Hummus, babaganoush, falafel, kebabs. Hummus, babaganoush, falafel, kebabs. Most of Long Island’s Middle Eastern menus are an endless loop of these dishes. And while all four can be superb, they represent a tiny portion of the repertoire of the region.
At Beit Zaytoon, you will find so much more. This two-month-old West Hempstead spot has at least two things that distinguish it from the crowd. One, it serves the food of Lebanon. Two, it is owned by Elias Ghafary who, from 1991 until 2019 presided over Al Bustan, the first restaurant in Manhattan to serve Middle Eastern cuisine in a fine-dining setting. (And, he brought Al Bustan's chef, Carlos Bravo, with him.)
Yes, you’ll find hummus and babaganoush, and you won’t find better renditions on Long Island. They are joined by a third dip, mouhamara, a savory paste of roasted red peppers, walnuts, garlic and cumin. Falafel approach the size of baseballs; kebabs are threaded with chicken, kafta (ground lamb) or cubes of filet mignon.
But you’ll also find scores of dishes that may change the way you think about Middle Eastern food. Kibbe naye (lamb tartare), for example, served with scallions, mint and wedges of white onion. Or kibbe saniye, a sort of sandwich whose "bread" is a mixture of baked lamb and bulgur that is filled with morsels of sauteed lamb. There are two mind-blowing stews: Mouloukhia is a leafy green vegetable (jute mallow, to be exact) that, here, is cooked with big chunks of chicken. Bamia combines whole okra and lamb in a tomato sauce.
Beit Zaytoon makes its own sausages, both sujuk (spicy beef) and makanek (tiny lamb links). They are joined on the hot-appetizer roster by chicken livers sauced with pomegranate, fried potato cubes with garlic, cilantro and chili (batata harra) and that wonderful hummus topped with minced lamb.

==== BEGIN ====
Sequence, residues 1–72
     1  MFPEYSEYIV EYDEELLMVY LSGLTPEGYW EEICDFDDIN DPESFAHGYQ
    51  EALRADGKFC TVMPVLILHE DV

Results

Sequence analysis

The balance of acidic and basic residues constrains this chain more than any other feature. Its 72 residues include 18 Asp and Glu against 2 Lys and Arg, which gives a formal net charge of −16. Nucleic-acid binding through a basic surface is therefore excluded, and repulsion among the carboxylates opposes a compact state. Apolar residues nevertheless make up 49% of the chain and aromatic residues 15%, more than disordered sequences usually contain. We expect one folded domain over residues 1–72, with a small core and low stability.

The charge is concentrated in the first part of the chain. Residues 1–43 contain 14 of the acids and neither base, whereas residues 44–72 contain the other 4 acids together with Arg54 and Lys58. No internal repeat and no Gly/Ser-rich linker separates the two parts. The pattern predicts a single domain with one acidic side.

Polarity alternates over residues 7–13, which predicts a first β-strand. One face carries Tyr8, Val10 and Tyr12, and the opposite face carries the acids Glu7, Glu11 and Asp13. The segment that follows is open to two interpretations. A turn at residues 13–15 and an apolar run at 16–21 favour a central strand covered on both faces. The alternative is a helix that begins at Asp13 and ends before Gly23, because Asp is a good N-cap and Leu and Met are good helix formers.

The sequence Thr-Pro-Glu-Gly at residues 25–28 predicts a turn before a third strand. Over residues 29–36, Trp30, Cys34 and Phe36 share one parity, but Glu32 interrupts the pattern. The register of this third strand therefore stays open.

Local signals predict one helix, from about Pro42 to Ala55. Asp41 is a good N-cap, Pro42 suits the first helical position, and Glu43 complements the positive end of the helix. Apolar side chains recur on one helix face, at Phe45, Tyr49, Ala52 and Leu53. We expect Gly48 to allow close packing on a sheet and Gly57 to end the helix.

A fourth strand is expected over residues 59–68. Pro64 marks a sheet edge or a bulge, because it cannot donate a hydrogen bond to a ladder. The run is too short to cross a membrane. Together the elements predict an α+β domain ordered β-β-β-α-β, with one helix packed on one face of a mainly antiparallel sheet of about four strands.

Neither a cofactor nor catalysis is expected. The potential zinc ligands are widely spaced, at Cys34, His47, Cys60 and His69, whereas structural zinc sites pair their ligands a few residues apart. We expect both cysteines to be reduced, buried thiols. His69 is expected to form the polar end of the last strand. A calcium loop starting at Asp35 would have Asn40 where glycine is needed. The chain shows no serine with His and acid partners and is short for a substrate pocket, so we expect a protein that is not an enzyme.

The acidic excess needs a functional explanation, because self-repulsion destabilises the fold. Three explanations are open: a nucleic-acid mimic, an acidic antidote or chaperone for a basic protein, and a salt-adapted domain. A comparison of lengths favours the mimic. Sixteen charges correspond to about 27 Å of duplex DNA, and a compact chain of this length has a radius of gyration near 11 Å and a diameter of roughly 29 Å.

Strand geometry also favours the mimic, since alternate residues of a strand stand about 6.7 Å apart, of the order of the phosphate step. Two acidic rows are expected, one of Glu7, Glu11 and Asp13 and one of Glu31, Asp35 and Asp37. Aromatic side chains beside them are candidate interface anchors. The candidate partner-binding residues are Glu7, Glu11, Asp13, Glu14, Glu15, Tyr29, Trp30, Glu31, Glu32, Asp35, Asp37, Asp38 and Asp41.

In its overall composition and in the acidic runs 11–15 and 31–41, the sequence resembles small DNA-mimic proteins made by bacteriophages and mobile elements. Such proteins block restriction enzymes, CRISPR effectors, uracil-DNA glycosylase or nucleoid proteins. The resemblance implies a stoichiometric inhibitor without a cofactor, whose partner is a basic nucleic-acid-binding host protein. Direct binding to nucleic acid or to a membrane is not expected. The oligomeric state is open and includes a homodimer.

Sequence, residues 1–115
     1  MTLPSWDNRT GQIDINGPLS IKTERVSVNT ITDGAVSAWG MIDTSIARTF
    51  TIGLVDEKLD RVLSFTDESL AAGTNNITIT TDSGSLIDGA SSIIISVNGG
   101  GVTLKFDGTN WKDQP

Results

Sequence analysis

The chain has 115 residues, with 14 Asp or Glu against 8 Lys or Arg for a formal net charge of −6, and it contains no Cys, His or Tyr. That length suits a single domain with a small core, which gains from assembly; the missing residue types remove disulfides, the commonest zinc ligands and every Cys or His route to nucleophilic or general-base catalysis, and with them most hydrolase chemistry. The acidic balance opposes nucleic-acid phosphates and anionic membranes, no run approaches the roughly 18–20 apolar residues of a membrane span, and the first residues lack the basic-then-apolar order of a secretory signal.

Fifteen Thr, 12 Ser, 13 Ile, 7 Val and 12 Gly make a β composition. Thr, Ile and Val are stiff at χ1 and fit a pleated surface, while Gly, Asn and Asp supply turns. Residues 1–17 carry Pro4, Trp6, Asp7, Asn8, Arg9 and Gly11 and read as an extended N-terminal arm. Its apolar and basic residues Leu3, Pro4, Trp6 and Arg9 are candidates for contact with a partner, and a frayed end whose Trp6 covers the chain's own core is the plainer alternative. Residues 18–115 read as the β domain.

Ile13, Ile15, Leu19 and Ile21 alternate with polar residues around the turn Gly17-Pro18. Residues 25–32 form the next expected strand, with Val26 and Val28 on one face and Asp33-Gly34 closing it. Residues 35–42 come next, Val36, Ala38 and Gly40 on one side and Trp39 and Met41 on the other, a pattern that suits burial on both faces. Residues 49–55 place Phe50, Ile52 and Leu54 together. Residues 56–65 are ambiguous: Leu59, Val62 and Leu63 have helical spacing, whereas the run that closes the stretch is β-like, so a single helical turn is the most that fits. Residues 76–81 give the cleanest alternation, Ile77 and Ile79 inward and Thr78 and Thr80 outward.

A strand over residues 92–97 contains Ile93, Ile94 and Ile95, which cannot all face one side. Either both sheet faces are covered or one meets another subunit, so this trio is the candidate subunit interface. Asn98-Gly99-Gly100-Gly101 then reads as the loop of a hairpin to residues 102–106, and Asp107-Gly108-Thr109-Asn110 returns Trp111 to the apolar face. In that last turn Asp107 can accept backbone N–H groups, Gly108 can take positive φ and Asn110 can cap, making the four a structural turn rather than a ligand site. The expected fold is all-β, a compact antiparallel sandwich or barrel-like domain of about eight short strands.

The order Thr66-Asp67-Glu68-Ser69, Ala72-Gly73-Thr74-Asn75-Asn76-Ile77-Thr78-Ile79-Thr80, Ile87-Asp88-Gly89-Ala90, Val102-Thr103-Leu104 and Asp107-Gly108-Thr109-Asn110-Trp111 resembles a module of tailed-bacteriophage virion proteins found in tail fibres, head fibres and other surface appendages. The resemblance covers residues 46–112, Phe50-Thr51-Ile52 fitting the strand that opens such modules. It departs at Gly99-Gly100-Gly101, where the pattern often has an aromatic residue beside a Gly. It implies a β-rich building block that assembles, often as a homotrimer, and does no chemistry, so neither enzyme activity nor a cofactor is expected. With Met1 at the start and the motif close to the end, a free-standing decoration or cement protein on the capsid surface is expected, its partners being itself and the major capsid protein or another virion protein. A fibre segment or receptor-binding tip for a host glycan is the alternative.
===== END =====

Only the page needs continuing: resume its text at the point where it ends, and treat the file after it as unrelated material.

There is much more to explore.
Ghafary, born in Tyre, Lebanon, started working in restaurants when he was 14 years old. He received a four-year diploma from a Swiss-run culinary school in Beirut and was looking forward to a culinary career in the Lebanese capital when war broke out the following year, 1975. He fled to Paris where he worked in two high-end Lebanese restaurants, eventually making the shift from cooking to serving to managing.
In 1987 he made his first visit to New York and was appalled at the state of Lebanese food here. A year later, he opened a branch of Al Amir on the Upper West Side with two partners and, in 1991, he opened Al Bustan on Third Avenue in Midtown.
Unlike at Al Bustan, which closed in 2019, the décor at Beit Zaytoon is casual, the menu is takeout friendly and diners who wish to accompany their meals with wine must bring their own bottles. But the artistry is there in every plate that comes out of Ghafary's kitchen.
Beit Zaytoon, 468 Hempstead Tpke., West Hempstead, 516-483-3941, beitzaytoon.com. Open noon to 9 p.m. daily except Sunday, when hours are 11 a.m. to 6 p.m.